opened it in 3 seconds flat.
So while Ion promised better performance, these netbooks feel more sluggish in everyday tasks. And though we've heard theories trying to explain it -- including Liliputing's
about increased screen resolution causing more strain on the CPU -- all we actually know is that these results are disappointing. Sure, all these laptops will capably handle your web surfing and light application needs, but the inescapable fact is that a netbook which costs $200 less will probably do it faster.
||PDF Open Times
||GIMP Open Times
|ASUS Eee PC 1201N (Win 7 SE)
|HP Mini 311 (XP)
|Lenovo IdeaPad S12 (Win 7 SE)
|ASUS Eee PC 1005PE (Intel Atom N450)*
|HP Mini 5101 (Intel Atom N280)*
*Standard Intel Atom configuration
The HP, Lenovo and Samsung all may come equipped with standard, single-core Atom processors, but the Eee PC 1201N's dual-core 1.66GHz Atom N330 processor showed no hurt. And as we mentioned in our full review of the 1201N
, it felt much snappier in everyday use than any of the N270 or N280 Atom netbooks we've tested, and the benchmark chart below echoes that.
Round 4: Graphics and HD performance
Graphics and multimedia performance, on the other hand, blew us away -- Ion undoubtedly provides better multimedia handling, even if it's at the expense of everyday performance. All four of the netbooks were able to play a Blu-ray clip at a full 1080p resolution, smoothly stream a YouTube 1080p clip with Flash 10.1 installed, and handle some mainstream games -- all things we couldn't do with the HP Mini 5101 or the Pine Trail-powered MSI Wind U135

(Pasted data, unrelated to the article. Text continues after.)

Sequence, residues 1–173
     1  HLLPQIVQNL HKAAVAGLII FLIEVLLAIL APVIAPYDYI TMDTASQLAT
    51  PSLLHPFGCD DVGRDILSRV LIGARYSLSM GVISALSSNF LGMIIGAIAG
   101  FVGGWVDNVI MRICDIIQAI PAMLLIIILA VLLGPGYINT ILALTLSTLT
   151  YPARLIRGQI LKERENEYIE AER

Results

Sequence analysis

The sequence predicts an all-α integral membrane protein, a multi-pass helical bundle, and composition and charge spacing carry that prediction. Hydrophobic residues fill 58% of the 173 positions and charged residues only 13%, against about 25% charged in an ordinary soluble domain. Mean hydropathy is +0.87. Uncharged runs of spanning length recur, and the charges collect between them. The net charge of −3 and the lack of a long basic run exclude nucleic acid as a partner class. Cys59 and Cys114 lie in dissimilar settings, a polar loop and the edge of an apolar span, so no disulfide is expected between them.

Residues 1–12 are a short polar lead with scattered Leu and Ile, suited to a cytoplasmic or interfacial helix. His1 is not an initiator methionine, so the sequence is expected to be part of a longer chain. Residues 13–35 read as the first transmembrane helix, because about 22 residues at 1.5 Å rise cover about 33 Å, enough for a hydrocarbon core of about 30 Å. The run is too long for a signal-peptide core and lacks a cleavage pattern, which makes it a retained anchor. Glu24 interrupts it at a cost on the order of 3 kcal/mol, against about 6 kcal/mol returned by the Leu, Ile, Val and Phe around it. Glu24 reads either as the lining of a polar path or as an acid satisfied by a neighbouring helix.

. But as you'd expect, the Eee PC 1201N's stronger CPU helped it to notch better benchmarks and framerates than the other systems. Playing Batman: Arkham Asylum
at 1024 x 768 resolution was noticeably speedier on the ASUS than with the Lenovo IdeaPad S12.
* World of Warcraft frames per second measured in native resolution
Quick note: the Samsung N510 and HP Mini 311 have an Ion LE chipset. The only difference between LE and regular Ion is that the LE version disables support for DirectX10, but if you're up for the challenge you could always try and hack it
Round 5: Battery life
NVIDIA claims that Ion has minimal effects on battery life; we'd beg to differ. Despite the fact that each netbook was outfitted with a higher-capacity six-cell battery, none of them lasted longer than four hours on our HD video rundown test. Both the ASUS and the Lenovo got less than three hours, which is incredibly low for a modern ultraportable or netbook. Nevertheless, the Mini 311 posted the best time at 3 hours and 51 minutes -- far short of the standard Atom-based HP Mini 5101's six hours, and not even close to the eight hours we got from the Pine Trail-equipped ASUS Eee PC 1005PE.
We're sad to say that we're a little disappointed in this crop of Ion netbooks -- we've waited over a year for them to arrive, and, well, it's just not last year anymore. While the $499 Eee PC 1201N is our choice of the group since it doesn't sacrifice performance for added graphics, it still feels dated in some ways: Intel's next generation Pine Trail Atom has just been released and you can get a comparable ULV laptop for just a few more bucks. You'll have to ask yourself if the improved graphics and multimedia capabilities of these machines are worth the decrease in performance and battery life the Ion chipset seems to involve -- and whether that tradeoff is worth an extra $200 over a typical netbook. In the end, we just feel like this is all too little, too late, and maybe NVIDIA knows it too -- Ion 2 is supposedly right around the corner. Let's just hope we don't have to wait another year.